It's a boy's house here in Bradyland. His brother Michael, seven years his senior, has been a constant source of companionship for Brady. Brady watches Michael every time he enters the room and keeps his eye on him when they are together. In the car, suddenly the windows are nothing to be enamored with; he keeps his eyes on Michael whether Michael is talking or not. (the "or not" part is very seldom, I have to say) He will pay strict attention if Michael is yelling or getting yelled at. Clearly, he is the favorite.
Michael is no different. "Tell Brady goodbye" and "Give Brady a hug" are what he says when he leaves for school every morning. He walks in and wants to hug Brady when he comes back in the house. He will sit and play with him and constantly wants to hold him. Over a year now and the newness has not gone away like I sheepishly thought it would.
My kids were "supposed" to be four years apart so when this seven year age difference happened I was concerned there would be no childhood together for these two kids. Will they have the playtime together? Will they share the sibling-hood that I want them to have? When Brady will be Michael's age, Michael will be off working at an afterschool job and running off with his friends.
I am the middle of three kids -an older sister and a younger brother. We are all four years apart. When we were little, we played together. Over my childhood years, it was first my sister and me, then all three of us, then my brother and me. I don't think the "all three of us" lasted that long, because my sister was by then old enough to go off with her friends. We did have some fun, like hang my brother from the laundry chute at my grandmother's house. As soon as she graduated from high school she went to college across the country.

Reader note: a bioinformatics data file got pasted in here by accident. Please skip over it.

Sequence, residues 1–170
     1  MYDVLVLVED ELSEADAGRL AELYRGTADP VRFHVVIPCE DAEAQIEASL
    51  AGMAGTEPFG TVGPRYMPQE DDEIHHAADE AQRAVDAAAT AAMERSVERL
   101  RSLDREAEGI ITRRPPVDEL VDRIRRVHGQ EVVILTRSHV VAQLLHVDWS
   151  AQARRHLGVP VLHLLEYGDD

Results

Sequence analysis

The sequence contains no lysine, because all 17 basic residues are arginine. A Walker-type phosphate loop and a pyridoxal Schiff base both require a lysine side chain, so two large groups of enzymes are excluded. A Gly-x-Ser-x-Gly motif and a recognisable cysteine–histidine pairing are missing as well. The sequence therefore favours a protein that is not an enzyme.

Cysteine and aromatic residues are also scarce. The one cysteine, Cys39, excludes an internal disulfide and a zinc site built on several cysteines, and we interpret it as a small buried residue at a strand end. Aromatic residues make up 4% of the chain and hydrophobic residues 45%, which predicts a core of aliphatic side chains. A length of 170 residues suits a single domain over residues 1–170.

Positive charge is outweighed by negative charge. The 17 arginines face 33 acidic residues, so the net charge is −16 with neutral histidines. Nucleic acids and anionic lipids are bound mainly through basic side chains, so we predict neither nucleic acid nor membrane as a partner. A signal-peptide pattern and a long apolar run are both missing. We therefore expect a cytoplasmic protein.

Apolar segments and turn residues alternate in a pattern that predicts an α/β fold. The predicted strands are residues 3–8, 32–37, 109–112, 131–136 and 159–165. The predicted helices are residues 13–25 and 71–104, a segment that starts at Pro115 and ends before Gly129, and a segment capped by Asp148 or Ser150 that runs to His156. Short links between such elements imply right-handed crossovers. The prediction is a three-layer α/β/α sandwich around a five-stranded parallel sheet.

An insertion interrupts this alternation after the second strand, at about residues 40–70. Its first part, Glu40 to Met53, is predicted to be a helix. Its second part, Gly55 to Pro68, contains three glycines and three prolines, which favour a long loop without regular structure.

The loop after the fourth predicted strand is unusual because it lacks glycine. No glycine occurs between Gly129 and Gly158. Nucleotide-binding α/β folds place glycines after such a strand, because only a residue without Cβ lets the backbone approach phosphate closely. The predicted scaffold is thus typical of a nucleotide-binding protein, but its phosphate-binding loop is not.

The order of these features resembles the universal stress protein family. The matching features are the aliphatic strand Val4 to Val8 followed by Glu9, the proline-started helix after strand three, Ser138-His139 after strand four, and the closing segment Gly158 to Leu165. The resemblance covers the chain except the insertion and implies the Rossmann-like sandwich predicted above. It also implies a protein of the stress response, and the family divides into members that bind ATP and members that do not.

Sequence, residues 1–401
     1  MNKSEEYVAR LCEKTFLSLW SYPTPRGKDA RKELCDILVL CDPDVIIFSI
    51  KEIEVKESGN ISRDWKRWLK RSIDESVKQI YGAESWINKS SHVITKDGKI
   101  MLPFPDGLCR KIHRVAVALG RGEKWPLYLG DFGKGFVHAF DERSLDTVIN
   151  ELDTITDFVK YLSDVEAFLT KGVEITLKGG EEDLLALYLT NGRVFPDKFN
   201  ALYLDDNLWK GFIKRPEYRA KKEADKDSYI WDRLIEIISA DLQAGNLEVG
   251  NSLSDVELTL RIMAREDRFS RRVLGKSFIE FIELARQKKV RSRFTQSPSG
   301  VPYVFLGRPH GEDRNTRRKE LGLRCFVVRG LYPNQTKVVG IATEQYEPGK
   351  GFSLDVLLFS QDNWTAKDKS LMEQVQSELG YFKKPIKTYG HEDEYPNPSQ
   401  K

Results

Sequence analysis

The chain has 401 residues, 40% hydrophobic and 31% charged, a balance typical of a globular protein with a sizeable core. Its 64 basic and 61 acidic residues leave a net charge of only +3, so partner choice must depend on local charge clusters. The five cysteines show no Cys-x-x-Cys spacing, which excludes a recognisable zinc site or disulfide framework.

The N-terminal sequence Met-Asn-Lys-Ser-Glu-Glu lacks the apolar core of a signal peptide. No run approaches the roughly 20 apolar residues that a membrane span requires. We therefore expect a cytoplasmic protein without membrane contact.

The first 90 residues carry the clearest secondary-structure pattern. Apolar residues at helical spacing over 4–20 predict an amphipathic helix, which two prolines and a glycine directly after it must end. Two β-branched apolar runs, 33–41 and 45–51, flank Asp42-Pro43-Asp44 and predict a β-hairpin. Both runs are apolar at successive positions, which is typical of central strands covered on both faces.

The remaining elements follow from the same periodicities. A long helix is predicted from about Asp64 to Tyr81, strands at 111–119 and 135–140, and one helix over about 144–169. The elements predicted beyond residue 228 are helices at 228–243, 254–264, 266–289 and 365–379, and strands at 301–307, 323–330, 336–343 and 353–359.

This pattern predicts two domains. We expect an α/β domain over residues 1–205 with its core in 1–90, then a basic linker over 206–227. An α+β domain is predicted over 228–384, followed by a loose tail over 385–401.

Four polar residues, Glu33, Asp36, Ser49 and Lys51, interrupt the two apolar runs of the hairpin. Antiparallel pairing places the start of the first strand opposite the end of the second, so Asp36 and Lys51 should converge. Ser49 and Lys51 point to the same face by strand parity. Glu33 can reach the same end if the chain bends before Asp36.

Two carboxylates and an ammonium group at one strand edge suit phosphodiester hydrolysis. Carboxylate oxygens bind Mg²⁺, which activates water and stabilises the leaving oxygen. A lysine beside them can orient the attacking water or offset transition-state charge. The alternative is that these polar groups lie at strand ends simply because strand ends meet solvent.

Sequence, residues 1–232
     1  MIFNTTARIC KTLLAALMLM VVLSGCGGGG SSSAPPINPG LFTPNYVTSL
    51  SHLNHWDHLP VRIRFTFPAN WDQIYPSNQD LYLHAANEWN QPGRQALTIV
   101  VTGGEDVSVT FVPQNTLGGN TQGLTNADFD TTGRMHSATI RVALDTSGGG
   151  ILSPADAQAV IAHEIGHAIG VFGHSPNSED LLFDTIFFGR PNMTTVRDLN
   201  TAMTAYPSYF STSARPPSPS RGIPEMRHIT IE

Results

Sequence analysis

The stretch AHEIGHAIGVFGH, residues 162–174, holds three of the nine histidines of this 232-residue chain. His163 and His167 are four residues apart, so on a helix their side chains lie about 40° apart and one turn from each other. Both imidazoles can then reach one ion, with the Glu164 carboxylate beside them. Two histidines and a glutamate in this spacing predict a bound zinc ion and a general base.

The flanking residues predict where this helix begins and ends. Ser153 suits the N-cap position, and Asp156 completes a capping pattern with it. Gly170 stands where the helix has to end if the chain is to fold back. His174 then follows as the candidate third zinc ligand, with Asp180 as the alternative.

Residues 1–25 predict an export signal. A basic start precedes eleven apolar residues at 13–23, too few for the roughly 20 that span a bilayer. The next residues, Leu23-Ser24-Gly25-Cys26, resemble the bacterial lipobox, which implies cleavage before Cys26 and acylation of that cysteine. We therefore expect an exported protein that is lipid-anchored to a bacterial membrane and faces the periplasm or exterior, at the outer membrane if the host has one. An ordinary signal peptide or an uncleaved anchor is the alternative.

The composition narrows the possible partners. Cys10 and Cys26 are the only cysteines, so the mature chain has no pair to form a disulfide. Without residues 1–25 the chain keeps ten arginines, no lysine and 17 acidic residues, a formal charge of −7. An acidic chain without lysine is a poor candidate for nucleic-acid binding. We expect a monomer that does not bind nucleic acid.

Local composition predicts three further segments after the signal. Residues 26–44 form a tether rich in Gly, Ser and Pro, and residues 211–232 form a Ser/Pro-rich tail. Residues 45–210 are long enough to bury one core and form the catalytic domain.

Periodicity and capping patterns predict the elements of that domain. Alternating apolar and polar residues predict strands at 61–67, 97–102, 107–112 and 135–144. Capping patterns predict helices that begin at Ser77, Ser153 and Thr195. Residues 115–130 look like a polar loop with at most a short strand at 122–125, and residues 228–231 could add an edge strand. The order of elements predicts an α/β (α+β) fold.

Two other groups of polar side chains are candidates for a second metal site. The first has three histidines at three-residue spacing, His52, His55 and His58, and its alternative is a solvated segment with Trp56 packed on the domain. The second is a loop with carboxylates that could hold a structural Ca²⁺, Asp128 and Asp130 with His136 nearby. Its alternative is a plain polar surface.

So then it was just my brother and me. We set up Fisher Price peoples, play baby wiffle ball in the backyard (I was Sammy Jo, the amazing pitcher), watch TV after school (1/2 hr of Tom and Jerry, sometimes a full hour of Charlie's Angels). When I got my license I would bring him with me to get movies or to hang out with my friends. He was old enough to hang out with us, but young enough to be the "adorable little brother".
But at the holidays it was just thre three of us. Having moved away from family when we were four, eight and 12, we had come to rely on each other in a special way. Easter, Thanksgiving and Christmas, when other friends visited extended families, we would be with each other and our parents, playing games, eating, watching TV, relaxing. Christmas Day we would wake up and have all day to open presents and play. We had each other to be with and to goof with. The year we all got radio/tape recorders, (the 8600) we spent the day taping each other and singing into the tiny built-in mic.
That's what I wanted for my children... the camraderie, the closeness, the playfulness. I wanted them to have the memories I have, that special bond. I worried for awhile that I wouldn't have that for Michael with Brady having WS. I am a nut. I know as Brady grows he will be nothing but a constant sources of happiness for Michael. He already is.
Update: Since switching to 1/2 Enfamil, 1/2 Calcilio a month ago, Brady's calcium levels have dropped. He went from a 11.6 to 10.8. Yeah!